Multifunctional nanofiber materials for mechanical and thermal protection

Protective equipment provides safety for users from hazardous conditions; however, the equipment and the materials that it's made from are usually designed to protect against a single threat. When an operator needs protection from different hazard types, they are forced to wear multiple layers for protection. To overcome this limitation, researchers from Kit Parker’s lab have created a multifunctional protective material to protect against thermal and ballistic hazards simultaneously. To achieve this multifunctionality, para-aramid nanofiber sheets were fabricated with empty space between the fibers. The fibers provide mechanical integrity against impact, while the voids create thermal insulation. This mechanically robust aerogel was demonstrated to have similar ballistic protection properties and 20x the insulation capability as compared to commercial para-aramid fibers.

With a unique combination of protective properties, this material has several potential applications within the personal protective, clothing, and structural material markets. For the personnel protective market, the material can improve the thermal resistance of body armor and cut-resistant gloves. Additionally, the fiber sheets may have added energy absorption properties relevant for ballistic protection and bike helmets. The nanofiber sheets could also be used as an insulating layer in a winter jacket to provide protection against fragmentation debris. For the structural material markets, it can serve as a liner for structures where extreme temperatures and flying debris are a threat, such as army tents or space stations.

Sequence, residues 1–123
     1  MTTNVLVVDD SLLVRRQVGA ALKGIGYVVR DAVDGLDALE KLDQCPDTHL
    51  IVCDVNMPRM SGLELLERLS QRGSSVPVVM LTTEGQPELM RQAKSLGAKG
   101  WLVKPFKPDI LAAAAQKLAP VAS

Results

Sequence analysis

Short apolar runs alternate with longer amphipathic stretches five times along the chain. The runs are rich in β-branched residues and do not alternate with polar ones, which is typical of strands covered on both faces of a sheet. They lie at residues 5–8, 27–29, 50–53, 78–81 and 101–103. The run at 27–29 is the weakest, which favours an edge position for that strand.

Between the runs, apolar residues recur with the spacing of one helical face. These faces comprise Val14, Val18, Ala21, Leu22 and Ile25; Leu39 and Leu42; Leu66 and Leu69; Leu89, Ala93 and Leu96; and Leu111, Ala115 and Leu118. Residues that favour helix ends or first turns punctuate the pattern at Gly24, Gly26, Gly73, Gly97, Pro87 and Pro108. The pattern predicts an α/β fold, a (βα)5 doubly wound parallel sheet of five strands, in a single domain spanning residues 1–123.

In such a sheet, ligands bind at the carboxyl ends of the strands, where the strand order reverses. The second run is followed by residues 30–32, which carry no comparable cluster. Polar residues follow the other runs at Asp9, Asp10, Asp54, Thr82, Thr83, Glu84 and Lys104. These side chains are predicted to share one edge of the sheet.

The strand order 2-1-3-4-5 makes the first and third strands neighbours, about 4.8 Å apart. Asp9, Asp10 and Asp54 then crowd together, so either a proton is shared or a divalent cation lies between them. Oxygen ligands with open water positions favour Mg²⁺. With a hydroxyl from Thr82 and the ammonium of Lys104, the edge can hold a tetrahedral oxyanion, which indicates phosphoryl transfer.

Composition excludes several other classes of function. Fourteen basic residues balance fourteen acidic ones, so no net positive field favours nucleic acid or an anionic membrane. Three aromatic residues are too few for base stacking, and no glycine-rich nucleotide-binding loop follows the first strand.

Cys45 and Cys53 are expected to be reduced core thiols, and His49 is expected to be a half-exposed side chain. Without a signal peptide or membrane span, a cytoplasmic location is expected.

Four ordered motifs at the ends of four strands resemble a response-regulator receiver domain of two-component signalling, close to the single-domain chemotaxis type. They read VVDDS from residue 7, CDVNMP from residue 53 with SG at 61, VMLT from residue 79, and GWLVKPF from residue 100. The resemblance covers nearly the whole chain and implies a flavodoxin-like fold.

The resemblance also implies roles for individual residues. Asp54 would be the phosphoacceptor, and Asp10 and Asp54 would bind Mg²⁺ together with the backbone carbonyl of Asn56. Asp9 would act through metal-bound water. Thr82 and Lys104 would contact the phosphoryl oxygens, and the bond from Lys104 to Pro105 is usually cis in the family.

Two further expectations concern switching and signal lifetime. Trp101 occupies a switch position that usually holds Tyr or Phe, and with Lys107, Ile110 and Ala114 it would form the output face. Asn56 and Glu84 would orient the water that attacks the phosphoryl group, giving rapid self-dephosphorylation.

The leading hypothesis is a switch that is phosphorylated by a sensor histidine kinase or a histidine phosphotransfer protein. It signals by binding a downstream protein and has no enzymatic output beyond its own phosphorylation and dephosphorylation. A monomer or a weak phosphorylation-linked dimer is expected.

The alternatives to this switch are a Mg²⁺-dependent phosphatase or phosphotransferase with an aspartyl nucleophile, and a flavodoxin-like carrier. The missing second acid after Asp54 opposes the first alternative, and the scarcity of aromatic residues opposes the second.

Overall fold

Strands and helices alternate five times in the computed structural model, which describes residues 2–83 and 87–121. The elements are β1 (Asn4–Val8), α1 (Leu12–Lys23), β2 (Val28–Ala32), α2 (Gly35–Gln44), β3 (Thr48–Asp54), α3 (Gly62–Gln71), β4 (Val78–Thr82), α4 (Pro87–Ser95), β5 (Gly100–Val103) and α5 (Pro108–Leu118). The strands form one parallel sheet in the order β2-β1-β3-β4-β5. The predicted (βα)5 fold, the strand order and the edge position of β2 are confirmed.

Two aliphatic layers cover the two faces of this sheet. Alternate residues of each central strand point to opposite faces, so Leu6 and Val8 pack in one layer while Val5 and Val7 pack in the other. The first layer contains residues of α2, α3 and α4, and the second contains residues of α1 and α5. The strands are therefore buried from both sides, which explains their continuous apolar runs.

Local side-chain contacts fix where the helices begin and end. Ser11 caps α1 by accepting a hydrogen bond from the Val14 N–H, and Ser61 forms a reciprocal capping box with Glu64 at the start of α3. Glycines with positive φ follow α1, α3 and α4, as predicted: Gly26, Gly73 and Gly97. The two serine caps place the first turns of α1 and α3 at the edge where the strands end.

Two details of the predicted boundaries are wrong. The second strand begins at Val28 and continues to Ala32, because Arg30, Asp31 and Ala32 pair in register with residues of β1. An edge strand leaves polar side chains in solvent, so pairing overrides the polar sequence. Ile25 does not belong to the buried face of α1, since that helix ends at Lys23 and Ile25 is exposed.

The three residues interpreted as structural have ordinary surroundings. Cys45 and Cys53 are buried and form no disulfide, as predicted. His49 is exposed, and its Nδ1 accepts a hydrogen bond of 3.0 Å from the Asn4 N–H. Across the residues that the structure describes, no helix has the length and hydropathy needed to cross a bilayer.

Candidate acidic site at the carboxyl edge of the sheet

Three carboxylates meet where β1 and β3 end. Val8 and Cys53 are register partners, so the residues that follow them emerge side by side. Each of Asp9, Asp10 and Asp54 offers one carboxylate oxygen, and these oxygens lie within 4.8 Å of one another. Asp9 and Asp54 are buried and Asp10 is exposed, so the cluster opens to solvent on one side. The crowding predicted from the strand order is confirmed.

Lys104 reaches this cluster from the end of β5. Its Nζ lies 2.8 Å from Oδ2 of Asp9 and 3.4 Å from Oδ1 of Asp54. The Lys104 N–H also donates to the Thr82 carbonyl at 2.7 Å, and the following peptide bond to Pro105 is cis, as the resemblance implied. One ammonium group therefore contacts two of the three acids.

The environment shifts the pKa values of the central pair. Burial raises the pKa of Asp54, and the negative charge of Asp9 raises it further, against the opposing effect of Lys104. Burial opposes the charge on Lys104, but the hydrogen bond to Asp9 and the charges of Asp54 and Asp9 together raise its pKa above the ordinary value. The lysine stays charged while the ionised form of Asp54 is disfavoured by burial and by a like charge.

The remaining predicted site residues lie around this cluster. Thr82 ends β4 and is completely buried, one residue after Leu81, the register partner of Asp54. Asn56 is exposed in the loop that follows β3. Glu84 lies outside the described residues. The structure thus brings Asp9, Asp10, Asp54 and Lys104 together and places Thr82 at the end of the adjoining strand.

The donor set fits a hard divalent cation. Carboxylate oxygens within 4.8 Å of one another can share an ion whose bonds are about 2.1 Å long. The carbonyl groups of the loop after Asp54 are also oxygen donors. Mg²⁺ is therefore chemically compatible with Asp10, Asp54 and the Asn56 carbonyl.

This work was published in Matter and featured in the Harvard Gazette.

Intellectual Property Status: Patent(s) Pending